Do what you say, say what you do
If you ask your staff for their opinions or ideas, it is essential to show that you have taken their suggestions into account. In some way or other. You can do this in different ways:
- By thanking people for taking the time to give feedback or ideas, you show your interest in them. For example: " Thank you for your participation! 60% of you think that we could optimise waste reduction.«
- Or you can simply take their advice, and say so! For example: " As you requested, the next webinar will be on waste management".
In fact, communication is essential! If you do not communicate, your employees will feel that they have given their opinion for nothing. So always remember to publish a newsletter, an article, a publication, to keep them informed. You can explain how their ideas have been taken into account. You can also keep them informed about a decision-making process, for example.
Rely on playful springs
Gamification is also a very effective lever for developing employee commitment in companies. Firstly, because it encourages employees to participate. But also, because it allows those who are involved to be rewarded, thus creating a virtuous circle that stimulates commitment even more! This gamification can, for example, take the form of competitions, challenges or commitment rankings.
To engage your employees around a given theme, imagine for them devices inspired by BtoC competitions! Burger King, for example, is the king of engaging operations on digital and social networks. For example, to generate endless comments, publications with record numbers of likes, etc.
More collaborative than competitions, challenges consist of the employee carrying out an action and then challenging his colleagues to do the same. You can take inspiration from famous challenges such as the Ice Bucket Challenge.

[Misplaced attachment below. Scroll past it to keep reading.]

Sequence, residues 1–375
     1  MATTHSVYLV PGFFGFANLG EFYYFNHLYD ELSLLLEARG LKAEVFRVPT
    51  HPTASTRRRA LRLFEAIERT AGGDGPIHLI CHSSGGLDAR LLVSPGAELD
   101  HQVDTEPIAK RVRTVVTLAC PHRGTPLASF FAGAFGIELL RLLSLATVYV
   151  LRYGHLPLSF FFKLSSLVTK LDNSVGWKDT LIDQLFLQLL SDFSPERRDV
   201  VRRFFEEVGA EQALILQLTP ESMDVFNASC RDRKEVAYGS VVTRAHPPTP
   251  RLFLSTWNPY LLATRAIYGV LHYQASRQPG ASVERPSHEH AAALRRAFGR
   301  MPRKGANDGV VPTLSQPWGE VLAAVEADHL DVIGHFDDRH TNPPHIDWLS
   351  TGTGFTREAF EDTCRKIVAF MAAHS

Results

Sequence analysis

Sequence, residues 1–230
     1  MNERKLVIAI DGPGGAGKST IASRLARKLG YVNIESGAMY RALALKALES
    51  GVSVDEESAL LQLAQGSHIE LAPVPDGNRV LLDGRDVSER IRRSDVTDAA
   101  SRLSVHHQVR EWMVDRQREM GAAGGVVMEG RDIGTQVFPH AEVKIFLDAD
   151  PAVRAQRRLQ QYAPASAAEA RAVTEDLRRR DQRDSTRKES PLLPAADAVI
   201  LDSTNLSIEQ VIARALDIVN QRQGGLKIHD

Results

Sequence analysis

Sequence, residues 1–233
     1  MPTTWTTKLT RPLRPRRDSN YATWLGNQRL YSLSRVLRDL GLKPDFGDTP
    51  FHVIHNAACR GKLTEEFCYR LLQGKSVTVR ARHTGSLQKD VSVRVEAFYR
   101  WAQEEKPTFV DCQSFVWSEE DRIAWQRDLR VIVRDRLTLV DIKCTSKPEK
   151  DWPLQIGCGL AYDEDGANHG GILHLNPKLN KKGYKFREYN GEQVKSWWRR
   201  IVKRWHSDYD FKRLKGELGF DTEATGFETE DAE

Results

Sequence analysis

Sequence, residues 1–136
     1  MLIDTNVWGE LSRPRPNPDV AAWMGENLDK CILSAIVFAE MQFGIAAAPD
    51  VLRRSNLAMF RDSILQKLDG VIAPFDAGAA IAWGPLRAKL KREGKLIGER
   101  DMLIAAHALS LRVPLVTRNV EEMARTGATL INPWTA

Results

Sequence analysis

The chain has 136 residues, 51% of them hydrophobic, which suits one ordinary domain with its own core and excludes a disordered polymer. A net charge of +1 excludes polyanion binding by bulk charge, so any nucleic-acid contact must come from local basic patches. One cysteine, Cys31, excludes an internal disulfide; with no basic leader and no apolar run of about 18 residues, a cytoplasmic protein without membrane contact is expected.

Another example: if one of the pillars of your company culture is solidarity, take a photo of yourself doing something in solidarity, share it and challenge one of your colleagues to do the same. Once again, think of a challenge in line with the objectives you have set yourself. But virality is guaranteed!
Points and rankings
Depending on the digital tools you use, points and ranking systems can be good engagement drivers. On Beeshake, for example, your employees' engagement (likes, comments, writing posts or articles, etc.) earns them points. This boosts individual and team participation! In addition, the employees who are the most engaged in sharing ideas and circulating intelligence become easier to identify and reward.
How to measure employee engagement?
Measuring is steering. Measuring employee engagement in a company is essential to check whether your objectives are being met. The indicators you define to measure engagement obviously depend on the objectives you have set. Nevertheless, here are some KPIs that you can probably use. They will help you to measure the level of engagement of your employees:
- Level of knowledge of employees about the company's objectives and challenges
- Participation rates in polls and surveys
- Number of reactions to your content
- Quality of these reactions
- Number of proactive contributions on identified priority themes
- Number of ideas or innovations proposed by employees
- Participation rate in the events you organise on the priority themes identified
Not all your actions will generate the same rate of engagement. Report regularly, and note the most effective actions so that you can adapt and replicate them.